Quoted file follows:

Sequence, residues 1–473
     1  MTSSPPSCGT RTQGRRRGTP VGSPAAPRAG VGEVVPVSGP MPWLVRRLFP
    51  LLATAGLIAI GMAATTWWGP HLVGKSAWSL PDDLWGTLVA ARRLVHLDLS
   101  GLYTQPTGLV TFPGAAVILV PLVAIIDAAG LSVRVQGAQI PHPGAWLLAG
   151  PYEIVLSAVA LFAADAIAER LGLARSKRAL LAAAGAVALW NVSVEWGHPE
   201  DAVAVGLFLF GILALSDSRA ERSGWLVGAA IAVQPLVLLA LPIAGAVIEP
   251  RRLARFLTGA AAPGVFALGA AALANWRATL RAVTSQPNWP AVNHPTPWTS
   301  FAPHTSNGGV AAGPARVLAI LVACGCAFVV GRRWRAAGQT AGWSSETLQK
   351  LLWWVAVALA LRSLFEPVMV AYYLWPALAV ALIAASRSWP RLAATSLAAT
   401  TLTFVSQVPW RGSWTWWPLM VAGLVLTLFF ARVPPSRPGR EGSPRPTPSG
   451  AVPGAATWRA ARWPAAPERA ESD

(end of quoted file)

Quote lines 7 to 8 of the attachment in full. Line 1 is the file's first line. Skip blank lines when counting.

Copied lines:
   251  RRLARFLTGA AAPGVFALGA AALANWRATL RAVTSQPNWP AVNHPTPWTS
   301  FAPHTSNGGV AAGPARVLAI LVACGCAFVV GRRWRAAGQT AGWSSETLQK